3 The Efficient Markets Hypothesis (EMH)

The classic statements of the Efficient Markets Hypothesis (or EMH for short) are to be found in Roberts (1967) and Fama (1970).

An ‘efficient’ market is defined as a market where there are large numbers of rational, profit ‘maximisers’ actively competing, with each trying to predict future market values of individual securities, and where important current information is almost freely available to all particip
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3.2 The project plan

Although there are many approaches to planning a project, there are seven elements that are normally included in a project plan:

  • a work breakdown structure to show separate tasks and activities;

  • the team structure and responsibilities of key people;

  • an estimate of effort and duration for each task;

  • a schedule to show the sequence and timing of activities;

  • details of resources to be al
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Introduction

This unit will help you to develop the skills required when planning a project. You will examine the various components of a project plan, and be introduced to a number of tools and techniques to aid planning.

This material is from our archive and is an adapted extract from Fundamentals of Senior Management (B713) which is no longer taught by The Open University. If you want to study formally with us, you may wish to explore other courses we offer in this Author(s): The Open University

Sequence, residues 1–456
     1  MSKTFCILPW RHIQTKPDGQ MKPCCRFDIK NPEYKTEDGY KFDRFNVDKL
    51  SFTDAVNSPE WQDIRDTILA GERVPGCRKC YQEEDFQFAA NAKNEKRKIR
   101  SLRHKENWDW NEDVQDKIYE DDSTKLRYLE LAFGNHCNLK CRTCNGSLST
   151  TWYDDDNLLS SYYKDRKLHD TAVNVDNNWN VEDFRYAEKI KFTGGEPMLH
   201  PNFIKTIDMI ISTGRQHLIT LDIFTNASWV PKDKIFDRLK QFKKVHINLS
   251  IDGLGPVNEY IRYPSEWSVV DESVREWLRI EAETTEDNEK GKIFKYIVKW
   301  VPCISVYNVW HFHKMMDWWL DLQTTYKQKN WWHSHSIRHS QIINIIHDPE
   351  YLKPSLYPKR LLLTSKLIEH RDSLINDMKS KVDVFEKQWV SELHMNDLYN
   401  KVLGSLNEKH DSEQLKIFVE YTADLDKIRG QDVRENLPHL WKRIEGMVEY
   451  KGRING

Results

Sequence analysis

6.5 RSS

RSS (‘Really Simple Syndication’ or ‘Rich Site Summary’) newsfeeds supply headlines, links, and article summaries from various websites. By using RSS ‘feedreader’ software you can gather together a range of feeds and read them in one place: they come to you, rather than you having to go out and look for breaking news. The range of RSS feeds on offer is growing daily. There is probably a feed to cover all aspects of your life where you might need the latest information, and you may
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6.3 Mailing lists and newsgroups

Mailing or discussion lists are email-based discussion groups. When you send an email to a mailing list address, it is sent automatically to all the other members of the list.

The majority of academic-related mailing lists in the UK are maintained by JISCMail  You will find details of joining these mailing lists on the JI
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6.1 Introduction

The process of keeping up-to-date in your chosen subject area is useful for your studies and afterwards, for your own personal satisfaction, or perhaps in your career as part of your continuing professional development.

There are a great many tools available that make it quite easy to keep yourself up to date. You can set them up so that the information comes to you, rather than you having to go out on the web looking for it. Over the next few pages, you will be experimenting with some
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5.5 Social bookmarks

If you find you have a long unmanageable list of favourites/bookmarks you might like to try social bookmarks as an alternative.

Activity – what you need to know about social bookmarks

Read 7 things you should know about socia